In September 2021 we were thrilled to spend a week at Hawkwood Centre for Future Thinking, exploring how our different performance practices could inform and shape each other and the work that we want to make together, now and in the future.
Oli is primarily a dancer, singer and musician and I (Dan) work more in ‘traditional’ acting and comedy performance. Our hectic London lives don’t allow us the opportunity to see how our work could intersect – finding spaces to merge, seeing what works, and of equal importance; what doesn’t.
At Hawkwood you find yourself free from the distractions of city living; you can almost feel it lifted from your shoulders as you make your way up the Painswick Old Road. Our days are punctuated by the (delicious) meals which enrich our bodies, souls and ideas, but apart from that we are free. I cannot think of anywhere else, outside of childhood, where we are given such opportunity to play, create, provoke, dissect and explore.
Earlier this year I was very lucky to be awarded a Developing Your Creative Practice (DYCP) grant from Arts Council England. This gave me the ‘permission’ to approach Oli and put in a joint proposal to Hawkwood. We spent the week on an idea we had both been interested in; what can we learn from communal living from the squats in the 1970s, to improve life today? How can we free ourselves from capitalist notions of individualism within the framework of being millennials living in the private rented sector? Big questions to tackle, but a perfect, removed, space to take up the challenge. And how can our own different performance backgrounds marry up to shape our response to this?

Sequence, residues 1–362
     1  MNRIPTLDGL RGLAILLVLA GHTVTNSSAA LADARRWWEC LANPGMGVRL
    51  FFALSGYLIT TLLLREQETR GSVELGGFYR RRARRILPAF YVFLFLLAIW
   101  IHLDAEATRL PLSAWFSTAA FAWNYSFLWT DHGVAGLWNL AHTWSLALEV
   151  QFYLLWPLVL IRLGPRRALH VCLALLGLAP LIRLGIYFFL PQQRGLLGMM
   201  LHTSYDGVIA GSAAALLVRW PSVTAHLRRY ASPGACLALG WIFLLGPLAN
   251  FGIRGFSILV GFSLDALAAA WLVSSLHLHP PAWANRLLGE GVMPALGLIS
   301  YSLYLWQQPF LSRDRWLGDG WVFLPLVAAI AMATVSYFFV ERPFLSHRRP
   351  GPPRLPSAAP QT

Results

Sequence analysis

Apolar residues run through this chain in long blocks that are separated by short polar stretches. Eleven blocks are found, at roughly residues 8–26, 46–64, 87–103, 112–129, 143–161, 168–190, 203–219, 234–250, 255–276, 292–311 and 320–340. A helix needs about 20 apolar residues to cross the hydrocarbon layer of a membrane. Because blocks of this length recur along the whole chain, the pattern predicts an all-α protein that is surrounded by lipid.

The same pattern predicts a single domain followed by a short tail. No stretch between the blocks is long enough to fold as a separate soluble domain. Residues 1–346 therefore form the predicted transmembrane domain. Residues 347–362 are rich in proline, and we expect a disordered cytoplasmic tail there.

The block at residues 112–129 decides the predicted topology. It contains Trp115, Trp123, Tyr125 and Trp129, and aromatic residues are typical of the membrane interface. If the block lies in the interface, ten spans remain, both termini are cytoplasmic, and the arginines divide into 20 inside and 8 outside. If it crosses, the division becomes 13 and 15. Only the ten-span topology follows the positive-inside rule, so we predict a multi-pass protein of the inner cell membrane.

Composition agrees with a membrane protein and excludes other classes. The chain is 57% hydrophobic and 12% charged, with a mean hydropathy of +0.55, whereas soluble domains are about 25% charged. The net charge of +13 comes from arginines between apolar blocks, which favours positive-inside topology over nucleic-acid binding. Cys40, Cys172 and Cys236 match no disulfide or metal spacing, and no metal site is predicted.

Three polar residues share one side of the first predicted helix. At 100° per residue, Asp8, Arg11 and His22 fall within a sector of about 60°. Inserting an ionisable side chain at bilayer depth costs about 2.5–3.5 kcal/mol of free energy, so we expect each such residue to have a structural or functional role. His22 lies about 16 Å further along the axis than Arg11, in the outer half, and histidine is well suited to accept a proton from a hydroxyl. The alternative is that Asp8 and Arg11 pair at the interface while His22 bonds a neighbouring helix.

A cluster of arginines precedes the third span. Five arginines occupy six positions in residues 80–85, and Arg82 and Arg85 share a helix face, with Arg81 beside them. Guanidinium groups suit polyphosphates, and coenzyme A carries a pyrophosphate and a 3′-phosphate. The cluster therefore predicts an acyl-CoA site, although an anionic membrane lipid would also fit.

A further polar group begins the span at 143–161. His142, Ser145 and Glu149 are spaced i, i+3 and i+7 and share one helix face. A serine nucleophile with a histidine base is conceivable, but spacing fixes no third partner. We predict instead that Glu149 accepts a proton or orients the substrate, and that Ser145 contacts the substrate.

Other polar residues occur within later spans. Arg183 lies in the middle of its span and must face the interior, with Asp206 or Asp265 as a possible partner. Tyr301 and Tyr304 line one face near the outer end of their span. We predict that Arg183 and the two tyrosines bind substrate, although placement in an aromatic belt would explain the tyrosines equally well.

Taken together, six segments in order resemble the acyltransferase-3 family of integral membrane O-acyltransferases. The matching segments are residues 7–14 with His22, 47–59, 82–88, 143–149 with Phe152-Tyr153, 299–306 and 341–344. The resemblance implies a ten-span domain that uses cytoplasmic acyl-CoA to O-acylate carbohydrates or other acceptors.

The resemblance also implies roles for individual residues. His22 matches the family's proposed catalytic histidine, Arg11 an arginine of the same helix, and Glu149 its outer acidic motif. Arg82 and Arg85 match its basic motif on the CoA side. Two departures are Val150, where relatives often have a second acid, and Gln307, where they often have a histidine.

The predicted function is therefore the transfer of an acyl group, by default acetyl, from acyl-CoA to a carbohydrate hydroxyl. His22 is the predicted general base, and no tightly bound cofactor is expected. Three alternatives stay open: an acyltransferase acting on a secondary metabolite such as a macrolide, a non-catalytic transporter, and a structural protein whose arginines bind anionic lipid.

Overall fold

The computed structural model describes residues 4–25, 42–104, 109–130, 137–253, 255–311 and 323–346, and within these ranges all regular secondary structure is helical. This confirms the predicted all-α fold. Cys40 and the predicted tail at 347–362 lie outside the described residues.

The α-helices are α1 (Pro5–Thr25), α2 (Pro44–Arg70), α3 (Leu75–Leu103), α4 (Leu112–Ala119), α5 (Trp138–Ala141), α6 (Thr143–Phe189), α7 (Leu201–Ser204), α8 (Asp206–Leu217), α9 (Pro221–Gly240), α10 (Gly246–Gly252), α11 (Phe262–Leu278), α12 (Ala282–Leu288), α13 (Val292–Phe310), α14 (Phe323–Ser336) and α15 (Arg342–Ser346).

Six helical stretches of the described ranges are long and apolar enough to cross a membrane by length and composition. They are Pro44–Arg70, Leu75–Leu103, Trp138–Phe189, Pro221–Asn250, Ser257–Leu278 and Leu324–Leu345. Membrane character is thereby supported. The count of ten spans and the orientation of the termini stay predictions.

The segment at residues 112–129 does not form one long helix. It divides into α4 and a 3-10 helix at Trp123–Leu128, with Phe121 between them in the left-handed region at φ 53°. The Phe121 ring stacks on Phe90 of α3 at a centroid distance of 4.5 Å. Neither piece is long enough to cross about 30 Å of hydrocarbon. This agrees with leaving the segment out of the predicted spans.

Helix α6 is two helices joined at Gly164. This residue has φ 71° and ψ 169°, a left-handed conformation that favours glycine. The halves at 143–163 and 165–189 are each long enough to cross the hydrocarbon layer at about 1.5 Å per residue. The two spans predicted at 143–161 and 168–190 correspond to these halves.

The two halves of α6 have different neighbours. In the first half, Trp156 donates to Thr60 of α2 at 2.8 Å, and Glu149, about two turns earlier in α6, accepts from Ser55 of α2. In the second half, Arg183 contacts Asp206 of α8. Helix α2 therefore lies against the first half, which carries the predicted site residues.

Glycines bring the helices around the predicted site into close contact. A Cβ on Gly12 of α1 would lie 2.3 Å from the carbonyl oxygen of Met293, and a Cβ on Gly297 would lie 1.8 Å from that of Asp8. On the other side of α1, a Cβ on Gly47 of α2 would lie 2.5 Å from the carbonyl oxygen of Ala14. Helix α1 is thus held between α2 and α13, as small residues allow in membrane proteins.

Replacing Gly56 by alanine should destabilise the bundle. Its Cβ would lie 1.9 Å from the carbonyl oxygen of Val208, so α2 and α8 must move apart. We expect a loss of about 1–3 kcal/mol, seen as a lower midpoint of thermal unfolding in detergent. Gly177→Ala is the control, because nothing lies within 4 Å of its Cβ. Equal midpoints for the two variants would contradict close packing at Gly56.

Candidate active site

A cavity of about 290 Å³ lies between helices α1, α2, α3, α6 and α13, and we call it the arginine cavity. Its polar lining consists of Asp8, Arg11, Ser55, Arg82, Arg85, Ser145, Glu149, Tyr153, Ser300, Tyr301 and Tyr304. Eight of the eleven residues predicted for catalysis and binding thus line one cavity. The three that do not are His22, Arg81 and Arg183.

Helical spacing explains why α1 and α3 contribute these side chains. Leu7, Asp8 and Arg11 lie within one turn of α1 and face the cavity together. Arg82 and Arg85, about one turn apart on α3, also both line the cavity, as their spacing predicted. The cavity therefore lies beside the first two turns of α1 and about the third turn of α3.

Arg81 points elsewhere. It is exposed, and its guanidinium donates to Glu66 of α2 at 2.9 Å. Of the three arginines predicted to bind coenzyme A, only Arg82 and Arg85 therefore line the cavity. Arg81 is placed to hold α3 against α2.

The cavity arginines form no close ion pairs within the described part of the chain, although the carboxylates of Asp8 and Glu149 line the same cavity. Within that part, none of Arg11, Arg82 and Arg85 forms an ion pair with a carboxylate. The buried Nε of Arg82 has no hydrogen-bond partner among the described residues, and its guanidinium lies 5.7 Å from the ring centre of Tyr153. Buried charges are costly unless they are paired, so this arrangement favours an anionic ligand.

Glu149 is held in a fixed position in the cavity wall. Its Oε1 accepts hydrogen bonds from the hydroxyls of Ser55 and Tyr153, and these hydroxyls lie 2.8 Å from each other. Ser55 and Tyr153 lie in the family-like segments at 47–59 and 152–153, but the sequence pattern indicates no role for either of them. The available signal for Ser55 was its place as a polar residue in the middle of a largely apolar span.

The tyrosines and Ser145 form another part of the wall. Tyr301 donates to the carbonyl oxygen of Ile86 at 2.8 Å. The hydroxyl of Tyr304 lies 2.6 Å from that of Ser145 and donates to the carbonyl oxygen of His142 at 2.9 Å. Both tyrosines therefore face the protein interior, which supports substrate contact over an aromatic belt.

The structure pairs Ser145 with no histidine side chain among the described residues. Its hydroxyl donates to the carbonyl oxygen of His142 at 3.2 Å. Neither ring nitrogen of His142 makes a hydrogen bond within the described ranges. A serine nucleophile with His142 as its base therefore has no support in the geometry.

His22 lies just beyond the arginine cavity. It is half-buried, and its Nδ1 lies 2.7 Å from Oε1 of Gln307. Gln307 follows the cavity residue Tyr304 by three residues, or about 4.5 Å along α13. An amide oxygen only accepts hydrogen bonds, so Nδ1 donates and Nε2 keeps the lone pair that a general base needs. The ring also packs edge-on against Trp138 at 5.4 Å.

While we were at Hawkwood we met other incredible artists from other fields. I know that this is always the case at Hawkwood; strangers are thrown together and become temporary communities. And this definitely happened for us, as we learnt from and laughed with the visual artist Conor McNally and associate Hugh Farrell.
Hawkwood is a special place which incubates and nurtures thought and ideas. It is a sanctuary and safe-space. It is a place to grow and build, and then return to your lives re-energised, re-mobilised and refreshed. We really hope to visit again soon.